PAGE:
The scarf is an accessory that has accompanied man for millennia, at the beginning, as for many garments it had a mainly protective function, over time instead it has also taken on an aesthetic function. The scarf lends itself well to both summer and winter and can be combined with many styles in some cases it can also break too seriousness or enhance a more subdued style.
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history of the scarf
The scarf as mentioned above has ancient origins, the first examples are in the Roman period with the sudarium, essentially used for body cleansing. It was later used on formal occasions, and the type of cloth represented the rank at which it belonged and also the economic availability of the individual. With the end of the nineteenth century and the beginning of the twentieth, the scarf acquires popularity among both men and women, becoming a fashion and style accessory.
Symbologies of the scarf
The scarf in addition to carrying out, as mentioned, protective and aesthetic functions also represents factions and religious beliefs. Let’s take for example the keffiyeh used by Arab and Middle Eastern peoples to communicate their Palestinian patriotism, and later also worn by young Europeans to express their support.
Or to be closer to our Western culture, let’s think of the stole, which is an essential part of Catholic liturgical clothing. The scarf it has also been used by subcultures such as hippies, rockers and even elegant mods that copy the Italian style a little. Its strength is still today communicative has remained and according to the type you wear a style and / or a symbol is transmitted.
Ways to wear it
The scarf can also take different shapes and give a different style according to how it is knotted, below is a list of the main ways to tie it:
- Simple turn: simply turn it once around the neck or if you want you can also do a double turn;
- drape: it simply consists of placing the scarf behind the neck and dropping the two flaps in front,
suitable for a dandy style and to show the whole outfit, giving that touch of class / eccentric;
- turtleneck: it simply consists of wrapping the entire scarf around the neck and hiding the two flaps;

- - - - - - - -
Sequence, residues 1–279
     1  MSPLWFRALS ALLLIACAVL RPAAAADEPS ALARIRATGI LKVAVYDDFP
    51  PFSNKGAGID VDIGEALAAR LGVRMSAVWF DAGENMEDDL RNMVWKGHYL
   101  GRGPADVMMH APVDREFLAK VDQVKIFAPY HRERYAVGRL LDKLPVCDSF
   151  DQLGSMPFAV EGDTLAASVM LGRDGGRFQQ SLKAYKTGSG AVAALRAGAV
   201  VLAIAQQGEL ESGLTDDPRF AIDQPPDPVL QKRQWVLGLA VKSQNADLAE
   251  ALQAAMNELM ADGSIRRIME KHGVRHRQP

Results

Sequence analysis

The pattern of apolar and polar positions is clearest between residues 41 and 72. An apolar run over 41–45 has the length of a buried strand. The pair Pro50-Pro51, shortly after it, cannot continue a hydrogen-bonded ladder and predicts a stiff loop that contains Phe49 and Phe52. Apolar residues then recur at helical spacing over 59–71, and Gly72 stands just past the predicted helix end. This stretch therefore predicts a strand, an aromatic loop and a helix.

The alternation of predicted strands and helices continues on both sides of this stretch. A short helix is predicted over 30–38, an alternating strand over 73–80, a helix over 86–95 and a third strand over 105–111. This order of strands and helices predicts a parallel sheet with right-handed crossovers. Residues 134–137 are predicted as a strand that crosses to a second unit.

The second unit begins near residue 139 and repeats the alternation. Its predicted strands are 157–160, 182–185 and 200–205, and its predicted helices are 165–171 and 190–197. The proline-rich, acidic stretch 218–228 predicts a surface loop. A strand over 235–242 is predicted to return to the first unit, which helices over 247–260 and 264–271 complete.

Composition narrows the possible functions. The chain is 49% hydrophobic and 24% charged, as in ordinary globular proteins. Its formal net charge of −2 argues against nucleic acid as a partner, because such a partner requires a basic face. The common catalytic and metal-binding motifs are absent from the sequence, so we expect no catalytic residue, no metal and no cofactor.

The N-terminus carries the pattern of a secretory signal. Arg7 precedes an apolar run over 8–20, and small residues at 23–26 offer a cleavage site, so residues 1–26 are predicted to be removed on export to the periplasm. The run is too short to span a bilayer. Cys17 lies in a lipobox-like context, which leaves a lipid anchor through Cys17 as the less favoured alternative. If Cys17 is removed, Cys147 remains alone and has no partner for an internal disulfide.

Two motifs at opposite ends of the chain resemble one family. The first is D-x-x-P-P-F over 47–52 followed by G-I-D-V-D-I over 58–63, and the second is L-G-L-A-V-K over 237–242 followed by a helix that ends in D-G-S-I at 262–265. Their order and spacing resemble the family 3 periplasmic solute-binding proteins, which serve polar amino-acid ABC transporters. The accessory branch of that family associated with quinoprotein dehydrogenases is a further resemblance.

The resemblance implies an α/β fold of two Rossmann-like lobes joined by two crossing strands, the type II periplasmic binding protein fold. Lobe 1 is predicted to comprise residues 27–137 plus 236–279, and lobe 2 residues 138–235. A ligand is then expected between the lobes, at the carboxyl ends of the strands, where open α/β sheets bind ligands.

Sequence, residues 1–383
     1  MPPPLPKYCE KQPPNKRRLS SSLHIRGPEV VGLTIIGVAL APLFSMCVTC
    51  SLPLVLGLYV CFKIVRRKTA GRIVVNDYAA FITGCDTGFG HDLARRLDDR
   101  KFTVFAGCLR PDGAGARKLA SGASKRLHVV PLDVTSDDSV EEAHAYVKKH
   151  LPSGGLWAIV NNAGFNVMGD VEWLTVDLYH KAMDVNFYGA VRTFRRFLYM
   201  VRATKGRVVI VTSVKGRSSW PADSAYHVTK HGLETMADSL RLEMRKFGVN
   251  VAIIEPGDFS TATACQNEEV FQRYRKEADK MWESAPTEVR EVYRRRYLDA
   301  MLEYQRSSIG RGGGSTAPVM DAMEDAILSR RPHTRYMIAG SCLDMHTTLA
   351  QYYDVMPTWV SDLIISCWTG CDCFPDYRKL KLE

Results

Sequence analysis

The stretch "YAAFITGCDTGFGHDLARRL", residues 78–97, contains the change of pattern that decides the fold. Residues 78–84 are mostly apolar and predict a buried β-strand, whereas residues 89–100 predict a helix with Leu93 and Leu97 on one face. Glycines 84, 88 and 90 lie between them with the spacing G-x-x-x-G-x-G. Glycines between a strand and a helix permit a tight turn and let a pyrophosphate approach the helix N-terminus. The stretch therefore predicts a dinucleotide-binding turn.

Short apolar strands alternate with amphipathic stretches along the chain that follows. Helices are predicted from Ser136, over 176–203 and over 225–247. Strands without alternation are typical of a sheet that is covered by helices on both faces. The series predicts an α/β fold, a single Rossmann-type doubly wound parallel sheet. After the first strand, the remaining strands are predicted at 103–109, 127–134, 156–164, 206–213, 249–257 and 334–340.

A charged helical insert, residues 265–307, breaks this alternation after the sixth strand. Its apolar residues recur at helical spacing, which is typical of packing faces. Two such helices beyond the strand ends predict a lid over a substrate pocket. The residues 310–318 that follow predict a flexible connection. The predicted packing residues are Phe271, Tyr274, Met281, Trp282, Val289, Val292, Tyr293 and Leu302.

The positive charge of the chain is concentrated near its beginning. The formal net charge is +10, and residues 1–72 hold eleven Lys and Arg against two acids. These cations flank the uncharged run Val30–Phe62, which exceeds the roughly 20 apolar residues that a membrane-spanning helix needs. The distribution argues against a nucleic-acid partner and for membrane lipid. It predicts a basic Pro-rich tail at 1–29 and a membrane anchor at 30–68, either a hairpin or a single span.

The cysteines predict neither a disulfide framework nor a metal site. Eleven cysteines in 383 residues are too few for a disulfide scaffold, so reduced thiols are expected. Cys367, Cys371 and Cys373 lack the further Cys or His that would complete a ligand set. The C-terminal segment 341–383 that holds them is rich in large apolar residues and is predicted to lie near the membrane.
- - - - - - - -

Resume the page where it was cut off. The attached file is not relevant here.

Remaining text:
- Ascot knot: simply tie the scarf, suitable for medium-length scarves, it lends itself well to an elegant and casual chic style;
- Parisian knot: you have to fold the scarf, put it around the neck and insert the two free edges inside the eyelet formed by the fold.
You can decide whether to leave it inside the coat or outside and to adjust the shrinkage;
- double cross knot: similar to the Parisian one, but only a flap should be inserted in the eyelet, after which a space is left for a second
eyelet with a twist, and insert the second flap.
The scarf being an accessory lends itself well to all styles, obviously what differentiates it is the style and the fabric. Generally they are in wool, cotton, linen but there are also more elegant ones in silk or velvet. Obviously the fabric of the scarf will give different effects both in shape, volumes and than in appearance.
For a classic style you have to pay close attention to the color combination, if you are not an expert it is better to stay on the solid color, and also on the type of fabric and effect. For example, a silk suit with a linen or hemp scarf will lose its luster / elegance, but it can also be a way to break his “seriousness”. There are also oversized scarves that exceed two meters in length, suitable for an above all ethnic style, to match for example with a kimono or a nice caftan. For those who always focus on the classic can wear it with a trench coat, a duffle coat or an elegant blazer. If you are a lover of street style and a little bit rebellious, it is better to aim for the combination of sweatshirt and dungarees or a leather jacket. In conclusion, the scarf is an accessory which can take many shapes and styles, and therefore it is good to give space to the imagination without losing style.